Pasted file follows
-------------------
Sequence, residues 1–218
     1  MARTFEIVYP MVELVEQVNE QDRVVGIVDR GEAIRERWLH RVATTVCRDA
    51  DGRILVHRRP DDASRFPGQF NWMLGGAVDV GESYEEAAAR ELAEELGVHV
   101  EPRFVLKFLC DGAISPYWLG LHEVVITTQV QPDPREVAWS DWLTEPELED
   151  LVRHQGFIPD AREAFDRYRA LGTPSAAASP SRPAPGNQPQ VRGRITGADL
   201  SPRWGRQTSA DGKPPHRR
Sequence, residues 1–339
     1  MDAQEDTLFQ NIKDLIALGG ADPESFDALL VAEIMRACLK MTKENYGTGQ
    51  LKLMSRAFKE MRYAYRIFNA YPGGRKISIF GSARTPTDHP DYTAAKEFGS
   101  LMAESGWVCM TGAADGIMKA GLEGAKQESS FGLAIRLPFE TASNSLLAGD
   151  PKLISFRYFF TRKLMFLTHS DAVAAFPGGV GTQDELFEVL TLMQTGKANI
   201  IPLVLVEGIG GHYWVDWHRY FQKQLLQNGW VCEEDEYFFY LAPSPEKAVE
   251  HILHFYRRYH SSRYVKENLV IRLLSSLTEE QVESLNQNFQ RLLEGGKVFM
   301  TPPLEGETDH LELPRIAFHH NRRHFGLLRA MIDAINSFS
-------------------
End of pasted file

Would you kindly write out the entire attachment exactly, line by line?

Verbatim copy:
Sequence, residues 1–218
     1  MARTFEIVYP MVELVEQVNE QDRVVGIVDR GEAIRERWLH RVATTVCRDA
    51  DGRILVHRRP DDASRFPGQF NWMLGGAVDV GESYEEAAAR ELAEELGVHV
   101  EPRFVLKFLC DGAISPYWLG LHEVVITTQV QPDPREVAWS DWLTEPELED
   151  LVRHQGFIPD AREAFDRYRA LGTPSAAASP SRPAPGNQPQ VRGRITGADL
   201  SPRWGRQTSA DGKPPHRR
Sequence, residues 1–339
     1  MDAQEDTLFQ NIKDLIALGG ADPESFDALL VAEIMRACLK MTKENYGTGQ
    51  LKLMSRAFKE MRYAYRIFNA YPGGRKISIF GSARTPTDHP DYTAAKEFGS
   101  LMAESGWVCM TGAADGIMKA GLEGAKQESS FGLAIRLPFE TASNSLLAGD
   151  PKLISFRYFF TRKLMFLTHS DAVAAFPGGV GTQDELFEVL TLMQTGKANI
   201  IPLVLVEGIG GHYWVDWHRY FQKQLLQNGW VCEEDEYFFY LAPSPEKAVE
   251  HILHFYRRYH SSRYVKENLV IRLLSSLTEE QVESLNQNFQ RLLEGGKVFM
   301  TPPLEGETDH LELPRIAFHH NRRHFGLLRA MIDAINSFS